How Pinterest Is Killing Feminism

One in five women over the age of 18 who regularly use the internet is on Pinterest, which had an estimated 23 million users users as of July. It also has an overwhelmingly female audience; around 60 percent of visitors to the site are women. And the site is only growing: between July 2011 and July 2012, 22 million users joined. Since Pinterest stopped requiring an invite to become a member in August, that number is only increasing. But the site's popularity highlights an uncomfortable reality: Pinterest's user-generated content, which overwhelmingly emphasizes recipes, home decor, and fitness and fashion tips, feels like a reminder that women still seek out the retrograde, materialistic content that women's magazines have been hawking for decades — and that the internet was supposed to help overcome.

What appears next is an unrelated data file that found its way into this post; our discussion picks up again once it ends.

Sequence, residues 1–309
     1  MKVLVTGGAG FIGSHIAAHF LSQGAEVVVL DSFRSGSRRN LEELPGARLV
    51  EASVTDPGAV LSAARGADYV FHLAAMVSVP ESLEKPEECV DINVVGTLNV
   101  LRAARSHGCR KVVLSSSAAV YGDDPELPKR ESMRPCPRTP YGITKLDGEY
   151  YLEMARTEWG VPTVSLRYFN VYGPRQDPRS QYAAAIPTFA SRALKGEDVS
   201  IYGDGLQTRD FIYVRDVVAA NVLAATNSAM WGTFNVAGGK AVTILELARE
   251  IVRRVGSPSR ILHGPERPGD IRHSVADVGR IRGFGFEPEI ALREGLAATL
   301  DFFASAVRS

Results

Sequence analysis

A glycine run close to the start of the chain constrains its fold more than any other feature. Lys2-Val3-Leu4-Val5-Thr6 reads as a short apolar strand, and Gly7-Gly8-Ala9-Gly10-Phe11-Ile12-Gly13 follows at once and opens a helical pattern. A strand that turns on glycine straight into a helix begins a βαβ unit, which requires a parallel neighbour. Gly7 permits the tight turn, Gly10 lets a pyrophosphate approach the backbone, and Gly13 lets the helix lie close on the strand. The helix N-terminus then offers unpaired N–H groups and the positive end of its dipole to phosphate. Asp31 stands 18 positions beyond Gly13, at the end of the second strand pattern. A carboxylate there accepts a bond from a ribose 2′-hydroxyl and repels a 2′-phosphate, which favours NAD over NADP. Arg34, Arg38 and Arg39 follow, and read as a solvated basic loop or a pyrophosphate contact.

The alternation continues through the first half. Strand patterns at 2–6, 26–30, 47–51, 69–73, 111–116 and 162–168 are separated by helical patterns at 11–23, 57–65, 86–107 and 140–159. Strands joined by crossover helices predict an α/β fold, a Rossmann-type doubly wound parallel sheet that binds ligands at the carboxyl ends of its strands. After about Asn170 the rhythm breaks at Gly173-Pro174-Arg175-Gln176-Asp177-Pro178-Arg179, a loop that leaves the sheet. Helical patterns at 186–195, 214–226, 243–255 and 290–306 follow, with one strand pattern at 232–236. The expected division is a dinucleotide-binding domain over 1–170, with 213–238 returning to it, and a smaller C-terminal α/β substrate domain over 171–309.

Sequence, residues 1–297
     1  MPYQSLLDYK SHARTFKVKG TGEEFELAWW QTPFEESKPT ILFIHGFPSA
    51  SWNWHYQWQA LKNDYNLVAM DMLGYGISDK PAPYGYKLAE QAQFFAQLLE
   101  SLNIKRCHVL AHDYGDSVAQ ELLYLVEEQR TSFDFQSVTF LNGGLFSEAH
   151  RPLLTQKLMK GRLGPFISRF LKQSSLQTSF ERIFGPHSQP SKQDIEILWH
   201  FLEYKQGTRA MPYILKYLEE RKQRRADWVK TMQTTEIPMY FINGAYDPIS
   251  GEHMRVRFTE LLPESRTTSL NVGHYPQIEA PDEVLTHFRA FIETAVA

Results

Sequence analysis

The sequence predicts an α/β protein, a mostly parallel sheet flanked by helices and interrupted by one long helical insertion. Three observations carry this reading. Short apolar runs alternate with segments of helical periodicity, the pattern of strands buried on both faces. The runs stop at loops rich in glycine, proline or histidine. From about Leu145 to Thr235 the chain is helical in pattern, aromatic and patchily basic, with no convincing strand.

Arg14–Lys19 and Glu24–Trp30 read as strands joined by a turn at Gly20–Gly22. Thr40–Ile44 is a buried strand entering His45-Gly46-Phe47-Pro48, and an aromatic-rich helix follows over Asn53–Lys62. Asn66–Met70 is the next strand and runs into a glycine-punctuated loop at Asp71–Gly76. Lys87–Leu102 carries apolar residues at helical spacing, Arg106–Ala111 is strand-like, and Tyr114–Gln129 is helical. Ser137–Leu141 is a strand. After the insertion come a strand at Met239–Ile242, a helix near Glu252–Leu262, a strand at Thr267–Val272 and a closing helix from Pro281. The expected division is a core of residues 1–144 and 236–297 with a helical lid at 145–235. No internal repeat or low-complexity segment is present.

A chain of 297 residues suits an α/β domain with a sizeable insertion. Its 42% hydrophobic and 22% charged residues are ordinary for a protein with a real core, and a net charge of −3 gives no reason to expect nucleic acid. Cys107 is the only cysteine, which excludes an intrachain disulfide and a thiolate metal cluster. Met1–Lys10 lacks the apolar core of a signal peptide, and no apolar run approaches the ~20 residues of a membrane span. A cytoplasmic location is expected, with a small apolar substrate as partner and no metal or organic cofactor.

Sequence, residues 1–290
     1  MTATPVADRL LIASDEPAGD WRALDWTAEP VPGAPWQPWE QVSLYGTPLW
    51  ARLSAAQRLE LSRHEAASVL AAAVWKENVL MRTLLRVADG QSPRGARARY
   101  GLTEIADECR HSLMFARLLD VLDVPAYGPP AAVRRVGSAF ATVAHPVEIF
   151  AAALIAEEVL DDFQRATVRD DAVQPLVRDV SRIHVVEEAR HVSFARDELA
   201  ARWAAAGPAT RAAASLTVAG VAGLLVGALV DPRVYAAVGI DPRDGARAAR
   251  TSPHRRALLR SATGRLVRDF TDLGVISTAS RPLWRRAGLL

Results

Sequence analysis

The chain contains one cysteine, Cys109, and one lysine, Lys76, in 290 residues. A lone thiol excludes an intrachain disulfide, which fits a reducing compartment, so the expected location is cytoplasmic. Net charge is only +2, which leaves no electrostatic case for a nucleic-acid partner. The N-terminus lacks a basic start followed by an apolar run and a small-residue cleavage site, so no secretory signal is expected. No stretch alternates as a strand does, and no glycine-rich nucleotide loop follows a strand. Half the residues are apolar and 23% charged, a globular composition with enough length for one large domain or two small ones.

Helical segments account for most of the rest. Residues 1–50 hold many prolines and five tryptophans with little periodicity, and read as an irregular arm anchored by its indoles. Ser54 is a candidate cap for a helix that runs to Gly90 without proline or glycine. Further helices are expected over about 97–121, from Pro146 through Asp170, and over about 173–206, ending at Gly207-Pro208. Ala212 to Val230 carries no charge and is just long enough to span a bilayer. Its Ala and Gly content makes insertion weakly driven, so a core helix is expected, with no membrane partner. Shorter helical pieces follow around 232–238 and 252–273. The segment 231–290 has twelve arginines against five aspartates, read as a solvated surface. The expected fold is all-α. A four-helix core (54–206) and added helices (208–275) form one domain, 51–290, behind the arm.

Pinterest — which drives more traffic to marthastewart.com and marthastewartweddings.com than Facebook and Twitter combined — has become impossible to ignore, even as critics deride it as "the Mormon housewife's image bookmarking service of choice." But it's much more than a collection of pretty pictures. In fact, the site seems like one big user-curated women's magazine — from the pre-internet era. Sites like Jezebel were created as an antidote to women's print magazines, which are rife with diet, fitness and dressing tips. The internet has for many years now been thought of as a place where women can find smarter, meatier reads just for them.